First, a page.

Gay Romance, DADT, and What’s Real

I’m finishing up a novel today that deals with the subject of gay men in the military. As usual, this particular book is loosely based on the storyline from the film, “Top Gun.” But there’s no way I could have followed the storyline of the film and not mentioned how the main character deals with being in the military and DADT.

If I wanted to, I could still probably just make it all fantasy. I could write about strong gay men in the military who don’t have to worry about coming out of the closet and being open about their sexuality. I could even create a world where Don’t Ask Don’t Tell doesn’t exist.

But then I wouldn’t be able to sleep at night.

So I’m hoping I did justice to one of the most frustrating forms of discrimination of our time, DADT. And I’m hoping I did it with simple, real examples. One of those examples, for me, was to show that not all gay men in the military are constantly trying to seduce straight men. I’ve interviewed gay men in the military for this book, and they’ve all told me the last thing on their mind is sex with straight men. These are strong men who are very career oriented and the most important thing on their minds is serving their country to the best of their ability. And they want to be treated as equals.

I’ll try to put all this, and more, into the cover copy so readers know what they are getting. It is, in fact, a romance with a happy ending. But the ending is nothing like the way the film ended and the characters are not ashamed to take life head on, from a realistic POV this time. Also, this was one of those times when it would have been impossible to follow the storyline of “Top Gun” with two gay characters, and not completely deviate from the original plot. So if you’re a die-hard fan of the straight version of the film, you might not like they way I ended the book. But I didn’t see any other choices at this point in time.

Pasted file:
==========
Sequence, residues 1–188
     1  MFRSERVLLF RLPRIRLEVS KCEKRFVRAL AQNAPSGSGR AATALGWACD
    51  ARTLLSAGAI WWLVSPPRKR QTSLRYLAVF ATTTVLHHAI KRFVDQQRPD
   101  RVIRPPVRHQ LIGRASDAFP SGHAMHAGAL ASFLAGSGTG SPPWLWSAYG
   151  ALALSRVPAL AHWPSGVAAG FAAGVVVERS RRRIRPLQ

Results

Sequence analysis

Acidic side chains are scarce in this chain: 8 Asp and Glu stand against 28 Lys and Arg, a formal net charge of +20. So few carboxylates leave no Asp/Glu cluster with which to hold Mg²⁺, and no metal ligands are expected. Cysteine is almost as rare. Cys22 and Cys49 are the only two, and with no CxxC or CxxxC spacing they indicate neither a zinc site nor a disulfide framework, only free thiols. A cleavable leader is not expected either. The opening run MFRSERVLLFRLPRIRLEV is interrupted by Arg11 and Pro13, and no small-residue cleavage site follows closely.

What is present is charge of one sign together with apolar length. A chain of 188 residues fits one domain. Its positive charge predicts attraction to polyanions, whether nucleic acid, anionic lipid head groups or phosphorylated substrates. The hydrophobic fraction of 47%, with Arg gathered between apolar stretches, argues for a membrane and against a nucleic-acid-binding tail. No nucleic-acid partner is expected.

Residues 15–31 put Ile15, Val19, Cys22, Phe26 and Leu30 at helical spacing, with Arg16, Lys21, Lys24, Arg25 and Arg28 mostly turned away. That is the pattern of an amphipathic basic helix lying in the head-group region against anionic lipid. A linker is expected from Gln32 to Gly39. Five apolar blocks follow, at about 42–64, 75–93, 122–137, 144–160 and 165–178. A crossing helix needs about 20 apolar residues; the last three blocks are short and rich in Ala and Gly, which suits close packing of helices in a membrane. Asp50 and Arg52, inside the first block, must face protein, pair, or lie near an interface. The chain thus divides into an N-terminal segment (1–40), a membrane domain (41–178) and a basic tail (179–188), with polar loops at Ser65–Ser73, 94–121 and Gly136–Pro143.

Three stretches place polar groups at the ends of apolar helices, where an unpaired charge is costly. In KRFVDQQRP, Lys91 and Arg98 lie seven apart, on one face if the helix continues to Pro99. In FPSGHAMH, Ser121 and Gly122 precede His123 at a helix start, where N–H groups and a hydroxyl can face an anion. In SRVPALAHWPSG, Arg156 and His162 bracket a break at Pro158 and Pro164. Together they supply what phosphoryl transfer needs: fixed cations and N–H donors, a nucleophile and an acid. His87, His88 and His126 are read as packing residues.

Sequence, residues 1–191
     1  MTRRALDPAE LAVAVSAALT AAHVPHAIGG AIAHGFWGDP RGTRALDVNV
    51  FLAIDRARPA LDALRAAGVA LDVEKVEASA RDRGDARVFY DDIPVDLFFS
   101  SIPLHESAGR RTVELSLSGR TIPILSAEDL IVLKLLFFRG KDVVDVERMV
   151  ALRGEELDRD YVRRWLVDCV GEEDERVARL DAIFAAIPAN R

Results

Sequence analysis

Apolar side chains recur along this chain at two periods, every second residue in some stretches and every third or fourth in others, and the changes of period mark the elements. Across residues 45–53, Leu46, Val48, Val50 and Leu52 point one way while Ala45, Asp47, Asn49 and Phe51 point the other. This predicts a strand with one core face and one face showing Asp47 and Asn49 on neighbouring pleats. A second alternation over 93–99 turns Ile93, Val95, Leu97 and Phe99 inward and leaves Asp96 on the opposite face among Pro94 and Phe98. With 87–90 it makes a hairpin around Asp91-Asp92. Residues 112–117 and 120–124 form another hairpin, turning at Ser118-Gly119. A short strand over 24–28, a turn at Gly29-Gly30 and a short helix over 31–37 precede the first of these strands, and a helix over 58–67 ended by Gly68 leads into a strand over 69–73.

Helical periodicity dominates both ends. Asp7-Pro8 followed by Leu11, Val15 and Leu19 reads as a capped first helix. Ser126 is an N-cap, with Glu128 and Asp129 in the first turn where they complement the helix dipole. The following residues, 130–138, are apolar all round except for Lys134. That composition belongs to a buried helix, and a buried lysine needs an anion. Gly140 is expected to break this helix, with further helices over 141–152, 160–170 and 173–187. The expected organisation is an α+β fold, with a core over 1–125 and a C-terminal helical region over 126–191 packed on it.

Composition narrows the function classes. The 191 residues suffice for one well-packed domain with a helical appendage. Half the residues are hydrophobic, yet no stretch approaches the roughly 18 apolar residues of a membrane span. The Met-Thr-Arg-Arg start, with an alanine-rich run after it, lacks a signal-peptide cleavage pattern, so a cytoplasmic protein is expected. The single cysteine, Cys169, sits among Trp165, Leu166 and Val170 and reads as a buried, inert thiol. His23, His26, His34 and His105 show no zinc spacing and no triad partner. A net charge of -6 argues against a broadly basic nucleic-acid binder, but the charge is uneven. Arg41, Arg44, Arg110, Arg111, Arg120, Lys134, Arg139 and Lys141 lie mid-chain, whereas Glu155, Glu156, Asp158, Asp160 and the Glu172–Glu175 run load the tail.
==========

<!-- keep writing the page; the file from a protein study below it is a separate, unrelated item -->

Some Good Thoughts for Ginger…

I have a very good friend who works in publishing and divides his time between New Hope, New York, and Key West. And he has an eleven year old Scottish Terrier named Ginger who has been going through a rough time.

First, the poor thing has chronic hepatitis and she’s been living with that for over five years, which means my friend has to cook special meals for her just to keep her alive.

And, as if that wasn’t enough, this summer she was diagnosed with cancer of the mouth and just went through major surgery to have the tumor removed.

The surgery was successful and for the past few months she’s been recovering fine, however, she went into kidney failure last week (for no apparent reason) and she’s been struggling hard to get through it.

And my friend is absolutely devastated. He loves this dog like he’d love his own child if he had one, and he’s been there supporting her all the way. In fact, I’ve never seen such a devoted pet owner in my life. He’s not Donald Trump, but he’s selflessly spent a small fortune on vet bills since last summer. I know. I have two dogs and just going for a check-up is never less than two hundred dollars.

So I’m hoping Ginger goes into a full recovery, for her sake and for the sake of my friend. They’ve been through so much it this past year.

Facebook Control and Disabling Accounts for No Reason

I posted earlier this week about my experiences with Facebook disabling my account, for no valid reason and without any prior notice. And after sending facebook administrators quite a few e-mails about being disabled, my account was restored and they refused to give me a reason why it was disabled in the first place. I know it wasn’t because I’d violated any of their rights. I keep my facebook page as pg-rated as I keep this blog. Actually, my facebook page is g-rated…other than the fact that many of my posts are geared toward the lgbt community.